In the hour of her greatest triumph, Iga Swiatek already suspected that her best time of the year was probably over.

After winning 35 tennis matches and six tournaments in a row and kissing Coupe Suzanne Lenglen for the second time in Paris, the world number one has to venture into unloved territory in the coming weeks: grass, my goodness!

Thomas Klemm

sports editor.

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After the 6:1, 6:3 in the final against the American Coco Gauff and thus the second Roland Garros triumph within three years, the Pole has increased her self-confidence even more than she did before with her winning streak this spring.

But the very short lawn, where the balls bounce off flat and quickly, where rallies are rather short and where a good game of net is also important – no, that's not a surface on which Swiatek can play to its strengths.

"Tricky" was the word she found for the challenges of the coming weeks.

“Maybe his tips will be helpful”

Her coach Tomasz Wiktorowski is of the opinion that the 21-year-old could certainly win a few more matches: first at the Berlin lawn tournament, where Swiatek will lead the field next Monday as the top seed, then at the highlight of the season in Wimbledon, where she did not make it past the round of 16 last year came out.

"Maybe his tips will be helpful and I'll enjoy lawn tennis a little more," said Iga Swiatek when, as expected, she said "Au revoir" as the winner of the Paris clay court tournament.

But it sounded like this year's towering player was saying goodbye to her incredible winning streak, which saw her surpass the great Serena Williams and draw level with her older sister Venus.

"I've always wanted to set some record"

In the next few days, the Pole wants to lounge on the sofa at home in Warsaw and enjoy what has been achieved.

At her surprising first triumph in Paris, in 2020 at the age of nineteen, she would have felt like a lucky winner.

On the other hand, this time she was proud to have withstood the pressure as a favorite.

"The hardest thing is not to analyze everything too much and think about the whole numbers and bets."

Swiatek found it particularly special that she was in a better position with her 35th match win than the 23-time Grand Slam tournament winner Serena Williams: "I've always wanted to set some record." Even if the winning streak, as from the Polin himself expects to break soon: Iga Swiatek remains in a class of his own on clay courts.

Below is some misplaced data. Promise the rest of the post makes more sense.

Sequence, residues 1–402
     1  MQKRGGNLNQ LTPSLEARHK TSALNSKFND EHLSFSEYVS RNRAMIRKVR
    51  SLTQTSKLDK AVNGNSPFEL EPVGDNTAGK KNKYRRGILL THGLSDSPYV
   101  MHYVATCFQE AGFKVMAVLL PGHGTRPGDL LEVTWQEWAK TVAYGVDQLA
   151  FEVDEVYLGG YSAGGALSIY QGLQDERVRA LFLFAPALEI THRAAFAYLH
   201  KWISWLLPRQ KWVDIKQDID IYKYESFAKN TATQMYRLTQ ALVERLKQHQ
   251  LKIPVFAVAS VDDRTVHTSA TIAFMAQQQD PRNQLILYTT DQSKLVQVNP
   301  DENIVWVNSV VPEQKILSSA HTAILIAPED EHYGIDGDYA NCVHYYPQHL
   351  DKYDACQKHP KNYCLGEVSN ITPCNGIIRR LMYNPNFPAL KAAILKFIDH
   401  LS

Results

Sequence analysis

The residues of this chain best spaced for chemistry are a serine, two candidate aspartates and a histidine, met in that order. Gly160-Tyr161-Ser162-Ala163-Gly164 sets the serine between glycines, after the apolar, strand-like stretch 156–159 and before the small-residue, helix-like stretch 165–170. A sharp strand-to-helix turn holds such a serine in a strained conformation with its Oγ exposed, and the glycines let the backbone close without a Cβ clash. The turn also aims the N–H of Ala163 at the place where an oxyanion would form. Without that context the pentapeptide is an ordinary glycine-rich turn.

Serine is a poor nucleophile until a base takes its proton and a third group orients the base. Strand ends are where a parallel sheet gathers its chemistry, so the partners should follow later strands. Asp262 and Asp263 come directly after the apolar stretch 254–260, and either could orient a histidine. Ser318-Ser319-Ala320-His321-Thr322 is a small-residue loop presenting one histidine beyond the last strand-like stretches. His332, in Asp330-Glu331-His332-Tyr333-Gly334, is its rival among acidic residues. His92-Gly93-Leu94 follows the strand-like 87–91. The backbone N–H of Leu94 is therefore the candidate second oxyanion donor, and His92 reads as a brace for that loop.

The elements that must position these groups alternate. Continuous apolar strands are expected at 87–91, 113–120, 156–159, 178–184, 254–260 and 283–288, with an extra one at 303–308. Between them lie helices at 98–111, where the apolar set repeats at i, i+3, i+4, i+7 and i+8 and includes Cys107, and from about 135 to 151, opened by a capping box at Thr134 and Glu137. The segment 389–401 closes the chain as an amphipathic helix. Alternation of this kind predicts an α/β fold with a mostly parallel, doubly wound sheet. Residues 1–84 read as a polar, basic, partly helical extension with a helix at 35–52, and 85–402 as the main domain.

Role model Nadal

Since her professional debut on the WTA Tour three years ago, she has only lost three of 35 matches there, this year her record is flawless with 16 wins.

Just as Rafael Nadal is the clay court king of tennis history, the Pole is becoming the Princess of Paris.

How fitting that "Rafa" is her role model.

She would have already found her dream palace in Versailles, where “Sun King” Ludwig the fourteenth had a magnificent baroque building erected.

Everything is so wonderfully symmetrical there, said the world number one from the trip on a free day of the tournament.

Although Iga Swiatek's style of play is strict, it is anything but glamorous.

She does her matches like shift work.

She keeps her opponent constantly on the move, beats a winner at the first opportunity, wipes her mouth with the sweatband on her wrist, and then moves on to the next task.

For the past few weeks, the Pole has been wearing a mostly teal dress, but she would also look good in overalls.

A boiler suit with a gold rim, of course.

"She knew how to seize her opportunities in the important moments," said 18-year-old Gauff after her first Grand Slam final.

In addition, thanks to her long-time sports psychologist Daria Abramowicz, Iga Swiatek manages to be less tense in a match than her opponent.

In the Paris final, only one man could have disturbed her usual calm: but when Swiatek was on the pitch, she had no idea that her famous compatriot Robert Lewandowski was watching in the stadium.

"Wow," said the Pole, "I hope he liked it and he'll be back." The opponents would be happy to see Iga Swiatek a bit fidgety.